Justia Arbitration & Mediation Opinion SummariesArticles Posted in Tennessee Supreme Court
Harvey ex rel. Gladden v. Cumberland Trust & Investment Co.
The Tennessee Uniform Trust Code is intended to give trustees broad authority to fulfill their duties as trustee and gives trustees the power to enter into predispute arbitration agreements, so long as doing so is not prohibited under the operative trust instrument.At issue in this interlocutory appeal was whether the signature of the trustee of a trust on an investment/brokerage account agreement that included a provision requiring the arbitration of disputes bound the beneficiary of the trust to the predispute arbitration provision. The Supreme Court held (1) under both the Tennessee Uniform Trust Code and the operative trust instrument, the trustee had authority to enter into the arbitration agreement contained within the account agreement; and (2) applying the principle that a third party who seeks the benefit of a contract must also bear its burdens, the trust beneficiary in this case may be bound to arbitrate claims against the investment broker that sought to enforce the account agreement. The court vacated the trial court order compelling arbitration of all claims and remanded the case to the trial court for a determination as to which, if any, of the claims asserted by the trust beneficiary seek to enforce the account agreement. View "Harvey ex rel. Gladden v. Cumberland Trust & Investment Co." on Justia Law
Glassman, Edwards, Wyatt, Tuttle & Cox, P.C. v. Wade
A law firm filed suit against two former employees. Both defendants filed motions to compel arbitration. The trial court stayed discovery except as to the issue of whether the cases were subject to arbitration. The court subsequently ordered the parties to engage in mediation and to disclose the "necessary documents to conduct a meaningful attempt at resolution" despite the prior order limiting discovery. The defendants filed a motion to vacate the order requiring arbitration, which the trial court and court of appeals denied. The Supreme Court vacated the order of the trial court and remanded for a determination on the motions to compel arbitration, holding that the trial court (1) erred in ordering discovery without limiting the scope of discovery to the issue of arbitrability in contravention of the Tennessee Uniform Arbitration Act; and (2) erred in referring the parties to mediation in an effort to resolve all issues. View "Glassman, Edwards, Wyatt, Tuttle & Cox, P.C. v. Wade" on Justia Law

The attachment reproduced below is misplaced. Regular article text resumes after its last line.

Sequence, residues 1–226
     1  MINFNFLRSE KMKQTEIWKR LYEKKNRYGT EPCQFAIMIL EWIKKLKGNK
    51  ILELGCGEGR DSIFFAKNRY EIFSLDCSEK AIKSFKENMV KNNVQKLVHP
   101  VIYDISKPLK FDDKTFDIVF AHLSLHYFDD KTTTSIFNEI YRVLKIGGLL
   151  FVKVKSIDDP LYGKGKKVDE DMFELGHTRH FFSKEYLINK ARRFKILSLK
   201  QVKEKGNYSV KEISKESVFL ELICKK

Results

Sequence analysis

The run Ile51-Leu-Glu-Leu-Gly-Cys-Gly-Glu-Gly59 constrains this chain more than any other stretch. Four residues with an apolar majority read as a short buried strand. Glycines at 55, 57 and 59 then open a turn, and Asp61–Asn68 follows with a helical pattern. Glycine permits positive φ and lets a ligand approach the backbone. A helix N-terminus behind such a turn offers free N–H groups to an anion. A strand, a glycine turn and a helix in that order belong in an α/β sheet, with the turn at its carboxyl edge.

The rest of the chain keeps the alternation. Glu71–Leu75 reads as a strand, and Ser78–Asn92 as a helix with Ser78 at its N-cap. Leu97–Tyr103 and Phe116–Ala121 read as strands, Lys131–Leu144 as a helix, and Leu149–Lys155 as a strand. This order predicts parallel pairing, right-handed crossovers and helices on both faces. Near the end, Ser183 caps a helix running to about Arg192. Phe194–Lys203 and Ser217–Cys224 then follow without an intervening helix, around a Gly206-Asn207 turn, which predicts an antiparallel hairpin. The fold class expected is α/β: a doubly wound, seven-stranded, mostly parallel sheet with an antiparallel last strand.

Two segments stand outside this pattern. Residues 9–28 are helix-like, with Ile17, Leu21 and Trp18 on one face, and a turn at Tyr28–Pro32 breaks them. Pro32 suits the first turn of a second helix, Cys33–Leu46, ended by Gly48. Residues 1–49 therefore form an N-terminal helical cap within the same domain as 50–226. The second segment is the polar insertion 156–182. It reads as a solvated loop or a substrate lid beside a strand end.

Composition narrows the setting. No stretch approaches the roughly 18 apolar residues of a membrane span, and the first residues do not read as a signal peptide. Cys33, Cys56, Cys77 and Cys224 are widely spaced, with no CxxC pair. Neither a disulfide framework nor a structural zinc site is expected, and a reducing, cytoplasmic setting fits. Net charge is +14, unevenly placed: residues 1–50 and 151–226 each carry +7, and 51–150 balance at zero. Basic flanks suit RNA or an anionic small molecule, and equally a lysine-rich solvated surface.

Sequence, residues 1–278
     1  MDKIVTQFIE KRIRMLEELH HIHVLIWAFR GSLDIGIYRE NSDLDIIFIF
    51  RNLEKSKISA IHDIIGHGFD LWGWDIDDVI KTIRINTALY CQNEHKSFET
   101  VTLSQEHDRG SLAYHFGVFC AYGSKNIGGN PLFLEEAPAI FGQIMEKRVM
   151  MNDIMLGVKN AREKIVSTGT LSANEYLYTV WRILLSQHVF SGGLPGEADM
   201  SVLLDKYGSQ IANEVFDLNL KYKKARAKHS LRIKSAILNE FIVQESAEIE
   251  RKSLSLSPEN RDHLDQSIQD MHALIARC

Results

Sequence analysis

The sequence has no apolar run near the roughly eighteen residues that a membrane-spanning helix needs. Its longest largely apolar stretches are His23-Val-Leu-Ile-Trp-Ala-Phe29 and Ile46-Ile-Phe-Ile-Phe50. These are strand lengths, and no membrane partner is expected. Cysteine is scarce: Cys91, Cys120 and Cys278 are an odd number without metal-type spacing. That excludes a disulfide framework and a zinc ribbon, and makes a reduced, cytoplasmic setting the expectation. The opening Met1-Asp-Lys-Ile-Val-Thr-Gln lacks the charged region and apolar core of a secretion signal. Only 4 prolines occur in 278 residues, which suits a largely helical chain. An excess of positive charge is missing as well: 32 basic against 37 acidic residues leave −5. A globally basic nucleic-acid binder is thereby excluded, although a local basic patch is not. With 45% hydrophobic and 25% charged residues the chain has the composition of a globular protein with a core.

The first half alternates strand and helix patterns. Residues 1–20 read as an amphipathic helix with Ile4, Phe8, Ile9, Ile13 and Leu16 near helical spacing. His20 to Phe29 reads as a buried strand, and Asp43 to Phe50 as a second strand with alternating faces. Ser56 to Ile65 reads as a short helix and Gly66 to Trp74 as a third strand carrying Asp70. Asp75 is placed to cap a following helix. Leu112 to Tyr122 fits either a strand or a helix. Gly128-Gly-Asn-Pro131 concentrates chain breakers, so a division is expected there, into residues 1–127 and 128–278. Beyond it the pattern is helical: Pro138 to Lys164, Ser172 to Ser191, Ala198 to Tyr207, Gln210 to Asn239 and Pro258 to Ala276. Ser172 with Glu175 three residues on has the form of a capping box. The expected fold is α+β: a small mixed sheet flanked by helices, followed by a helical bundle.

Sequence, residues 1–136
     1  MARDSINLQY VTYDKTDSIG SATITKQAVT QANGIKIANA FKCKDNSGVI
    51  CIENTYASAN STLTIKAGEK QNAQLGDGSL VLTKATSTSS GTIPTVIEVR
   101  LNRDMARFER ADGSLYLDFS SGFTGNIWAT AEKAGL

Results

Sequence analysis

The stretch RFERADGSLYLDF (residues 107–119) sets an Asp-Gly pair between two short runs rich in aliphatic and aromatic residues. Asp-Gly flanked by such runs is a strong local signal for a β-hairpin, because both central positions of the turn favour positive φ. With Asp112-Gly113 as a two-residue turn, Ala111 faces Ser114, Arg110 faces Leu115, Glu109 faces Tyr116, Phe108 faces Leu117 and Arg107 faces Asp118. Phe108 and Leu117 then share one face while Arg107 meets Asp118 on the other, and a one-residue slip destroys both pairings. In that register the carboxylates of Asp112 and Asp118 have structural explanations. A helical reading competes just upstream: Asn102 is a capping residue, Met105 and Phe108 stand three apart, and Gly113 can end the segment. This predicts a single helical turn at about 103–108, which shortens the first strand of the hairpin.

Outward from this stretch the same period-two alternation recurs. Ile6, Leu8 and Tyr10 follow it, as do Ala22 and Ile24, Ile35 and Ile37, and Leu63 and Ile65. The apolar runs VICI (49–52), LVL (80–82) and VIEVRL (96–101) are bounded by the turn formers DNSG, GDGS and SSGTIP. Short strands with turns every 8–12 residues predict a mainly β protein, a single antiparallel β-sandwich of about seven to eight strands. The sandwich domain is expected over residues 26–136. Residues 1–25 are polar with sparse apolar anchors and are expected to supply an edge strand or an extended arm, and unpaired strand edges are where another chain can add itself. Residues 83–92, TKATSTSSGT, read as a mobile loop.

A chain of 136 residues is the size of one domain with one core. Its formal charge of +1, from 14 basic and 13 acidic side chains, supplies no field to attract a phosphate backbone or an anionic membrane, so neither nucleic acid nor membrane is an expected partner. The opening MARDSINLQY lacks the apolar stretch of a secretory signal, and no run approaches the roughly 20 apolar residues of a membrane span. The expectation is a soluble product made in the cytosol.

Morgan Keegan & Co. v. Smythe
An investor pursued a claim against an investment company over losses he incurred due to the failure of some of the company's bond funds. A Financial Industry Regulatory Authority arbitration panel ruled in the investor's favor. The investment company subsequently petitioned the chancery court to vacate the award based on the alleged bias of two members of the arbitration panel. The trial court vacated the award and remanded for a second arbitration before a new panel. The court of appeals dismissed the investor's appeal for lack of subject matter jurisdiction because the trial court's order did not expressly confirm or deny the arbitration award. The Supreme Court reversed, holding that the trial court's order was, in fact, an appealable order "denying confirmation" of an arbitration award under Tenn. Code Ann. 29-5-319(a)(3). Remanded. View "Morgan Keegan & Co. v. Smythe" on Justia Law